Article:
Lockdowns and China Service Providers

In recent months, the lockdowns brought on by China’s attempts to achieve zero-COVID have wreaked havoc on China’s manufacturing base and its supply chains. See The China Supply Chain Nightmare: It Is Time to Panic. But it’s not just manufacturing that is suffering. As I confirmed during a recent conference, China’s service providers are also feeling the lockdown pain.

The International Trademark Association’s (INTA) annual meeting is the gathering for IP professionals from around the world. This year it was held in Washington, DC, making it pretty easy for U.S.-based INTA members like yours truly to attend. But, as at every INTA annual meeting, there were tons of overseas participants.

Yet there were noticeably far fewer Chinese participants than in years past, which is not surprising, given China’s lockdowns and travel restrictions. Even for those in Chinese cities that are relatively more open, the prospect of a lengthy quarantine upon return was a serious deterrent.

For those who did attend, getting there wasn’t easy. One lawyer with whom I spoke foresaw trouble and left China weeks before the event, to ensure he could make it to DC. Another was not really focused on IP but was drafted to represent her firm because she was based abroad. For service providers from China with a foreign clientele, an office abroad may be a matter of survival going forward.

Being unable to attend a conference might not seem like a big deal. But for IP practitioners, INTA is a unique chance to build international networks that in turn lead to referrals and joint work. It is an opportunity to maintain existing relationships, in an ever more competitive world. In addition, some large brands except their local counsel to attend the INTA meeting, allowing their in-house staff to consolidate travel and training. Service providers who do not attend are at a clear disadvantage compared to those who do. Potentially, the impact of lockdowns on these service providers can be just as great as it is on manufacturers who cannot ship their product.

For China’s service providers, the stakes are even higher. Every conversation at INTA has the potential to turn into a work opportunity, but the likelihood of this happening is higher for participants from China, everything else being equal. Companies from around the world manufacture and source in China, and it is often one of the first international markets companies consider. Even if they are doing business in other international markets, the imperative of registering and enforcing their IP rights in other markets might not be as great as it is in China. See If Manufacturing in China, Do Just ONE Thing: Register Your Trademarks AND Your Design Patents.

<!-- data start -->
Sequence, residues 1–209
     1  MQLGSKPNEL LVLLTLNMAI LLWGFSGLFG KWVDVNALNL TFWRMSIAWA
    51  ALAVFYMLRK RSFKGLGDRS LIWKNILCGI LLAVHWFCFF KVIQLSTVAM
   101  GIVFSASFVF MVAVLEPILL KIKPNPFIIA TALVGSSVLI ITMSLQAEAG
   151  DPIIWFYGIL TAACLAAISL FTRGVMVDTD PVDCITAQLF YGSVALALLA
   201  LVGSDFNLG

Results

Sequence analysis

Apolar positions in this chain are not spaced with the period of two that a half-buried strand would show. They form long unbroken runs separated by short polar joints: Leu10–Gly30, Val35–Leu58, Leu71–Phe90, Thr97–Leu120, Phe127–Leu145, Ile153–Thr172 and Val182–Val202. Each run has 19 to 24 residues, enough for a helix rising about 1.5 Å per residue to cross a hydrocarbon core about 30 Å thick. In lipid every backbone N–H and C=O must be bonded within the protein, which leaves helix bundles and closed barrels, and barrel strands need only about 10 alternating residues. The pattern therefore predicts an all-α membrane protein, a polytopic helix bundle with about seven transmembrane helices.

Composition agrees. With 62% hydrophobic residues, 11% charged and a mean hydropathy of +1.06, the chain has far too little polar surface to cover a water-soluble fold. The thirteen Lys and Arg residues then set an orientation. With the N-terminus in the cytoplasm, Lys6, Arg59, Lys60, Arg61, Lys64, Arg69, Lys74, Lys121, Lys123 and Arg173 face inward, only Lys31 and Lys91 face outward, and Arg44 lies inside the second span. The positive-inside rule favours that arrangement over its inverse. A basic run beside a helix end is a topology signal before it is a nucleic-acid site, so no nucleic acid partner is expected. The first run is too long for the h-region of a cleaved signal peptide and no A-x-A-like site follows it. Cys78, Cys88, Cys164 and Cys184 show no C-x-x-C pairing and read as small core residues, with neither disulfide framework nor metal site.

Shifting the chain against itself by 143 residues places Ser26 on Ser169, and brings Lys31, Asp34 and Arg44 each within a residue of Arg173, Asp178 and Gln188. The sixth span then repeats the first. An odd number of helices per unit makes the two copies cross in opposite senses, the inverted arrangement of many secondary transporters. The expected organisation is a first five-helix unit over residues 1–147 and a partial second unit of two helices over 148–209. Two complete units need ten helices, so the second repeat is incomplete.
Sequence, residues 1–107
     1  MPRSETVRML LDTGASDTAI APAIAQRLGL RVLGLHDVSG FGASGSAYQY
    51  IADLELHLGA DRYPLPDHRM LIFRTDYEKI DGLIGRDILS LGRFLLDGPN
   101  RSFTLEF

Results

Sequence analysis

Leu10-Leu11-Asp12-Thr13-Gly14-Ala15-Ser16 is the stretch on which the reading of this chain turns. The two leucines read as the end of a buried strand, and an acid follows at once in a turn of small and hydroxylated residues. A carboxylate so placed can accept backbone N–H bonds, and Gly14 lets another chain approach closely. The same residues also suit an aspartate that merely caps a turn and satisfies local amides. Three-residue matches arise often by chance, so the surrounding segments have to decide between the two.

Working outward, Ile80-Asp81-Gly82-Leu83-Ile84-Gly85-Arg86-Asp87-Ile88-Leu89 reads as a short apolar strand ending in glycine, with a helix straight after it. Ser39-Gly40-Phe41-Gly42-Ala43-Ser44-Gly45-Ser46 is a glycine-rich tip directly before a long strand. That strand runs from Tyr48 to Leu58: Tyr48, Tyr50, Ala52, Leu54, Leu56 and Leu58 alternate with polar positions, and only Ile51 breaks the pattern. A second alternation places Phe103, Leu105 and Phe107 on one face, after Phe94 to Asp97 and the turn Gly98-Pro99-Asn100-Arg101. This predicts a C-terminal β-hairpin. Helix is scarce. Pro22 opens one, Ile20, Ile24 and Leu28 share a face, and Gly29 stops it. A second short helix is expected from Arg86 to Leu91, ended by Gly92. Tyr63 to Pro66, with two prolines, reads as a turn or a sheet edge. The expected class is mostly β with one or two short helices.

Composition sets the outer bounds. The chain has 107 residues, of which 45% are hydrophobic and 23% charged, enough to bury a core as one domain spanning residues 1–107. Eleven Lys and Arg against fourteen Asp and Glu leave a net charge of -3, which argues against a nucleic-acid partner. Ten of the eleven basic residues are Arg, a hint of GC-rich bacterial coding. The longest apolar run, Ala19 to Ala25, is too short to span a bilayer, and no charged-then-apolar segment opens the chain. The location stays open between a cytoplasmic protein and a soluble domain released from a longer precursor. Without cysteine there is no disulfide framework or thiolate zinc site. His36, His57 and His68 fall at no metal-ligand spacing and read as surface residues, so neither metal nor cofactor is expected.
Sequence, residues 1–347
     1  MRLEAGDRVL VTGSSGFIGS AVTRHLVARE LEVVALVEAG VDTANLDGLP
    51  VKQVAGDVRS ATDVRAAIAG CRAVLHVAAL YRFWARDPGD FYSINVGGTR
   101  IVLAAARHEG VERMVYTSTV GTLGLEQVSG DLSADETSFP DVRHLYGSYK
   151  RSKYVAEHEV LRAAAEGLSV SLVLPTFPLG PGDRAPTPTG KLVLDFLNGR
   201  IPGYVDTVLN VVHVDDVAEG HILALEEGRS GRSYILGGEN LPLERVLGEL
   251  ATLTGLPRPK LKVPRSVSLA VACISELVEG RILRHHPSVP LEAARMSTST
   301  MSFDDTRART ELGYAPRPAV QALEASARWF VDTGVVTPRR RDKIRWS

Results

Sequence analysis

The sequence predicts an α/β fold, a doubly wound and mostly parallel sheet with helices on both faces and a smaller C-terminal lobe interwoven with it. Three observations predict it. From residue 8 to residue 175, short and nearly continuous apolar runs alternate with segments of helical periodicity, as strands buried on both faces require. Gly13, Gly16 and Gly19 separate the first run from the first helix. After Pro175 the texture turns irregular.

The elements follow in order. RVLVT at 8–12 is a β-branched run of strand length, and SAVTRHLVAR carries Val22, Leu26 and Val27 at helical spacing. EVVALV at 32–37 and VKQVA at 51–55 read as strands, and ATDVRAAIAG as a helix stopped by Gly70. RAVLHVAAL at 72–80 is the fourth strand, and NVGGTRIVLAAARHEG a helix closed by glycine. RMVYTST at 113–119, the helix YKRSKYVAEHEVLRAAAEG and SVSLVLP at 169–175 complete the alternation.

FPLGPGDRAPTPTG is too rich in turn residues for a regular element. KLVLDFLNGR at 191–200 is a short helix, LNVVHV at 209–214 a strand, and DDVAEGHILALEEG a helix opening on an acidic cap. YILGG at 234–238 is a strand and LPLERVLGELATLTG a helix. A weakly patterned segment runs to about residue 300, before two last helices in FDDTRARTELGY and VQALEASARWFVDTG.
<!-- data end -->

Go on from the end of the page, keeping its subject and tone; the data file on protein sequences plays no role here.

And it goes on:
Those who didn’t make it to INTA this year might draw some comfort from the fact that China was underrepresented, leaving many competitors in the same boat. But that doesn’t mean that there were no options for participants from other countries looking for China contacts. For one, there were the service providers from China who did make it, few as they were. But there were also service providers based elsewhere that can assist with China work — such as my law firm and me.

Of course, it’s not just INTA, but business relationships of all sorts that are impacted by lockdowns and travel restrictions. Even if manufacturing activities themselves are not affected, it matters to foreign customers if they cannot exercise oversight over what happens at their suppliers’ facilities. And it isn’t just a matter of ensuring that product quality standards are met: Foreign companies want reassurances that their suppliers aren’t engaging in unauthorized production of their products and/or failing to adequately protect their IP.

A lack of visibility also increases compliance risks. Even a company’s best efforts might be insufficient to detect the use of forced labor by a particular supplier. But if foreign customers and their auditors cannot even enter the country, let alone get past the factory gate, there’s little deterrent against the use of forced labor. You can learn more about the due diligence challenges, even in the pre-COVID halcyon days, in Forced Labor in China: Don’t Trust AND Do Verify.

Contrary to what China’s leadership thinks, the show must go on, and foreign companies are finding ways to make that happen. And by necessity, much of that involves looking for other destinations to source, make and/or sell their wares (adding further pressures to service providers in China, such as IP lawyers). If the Chinese authorities keep this up, businesses in China might find that their clients and partners don’t come back once the lockdowns end.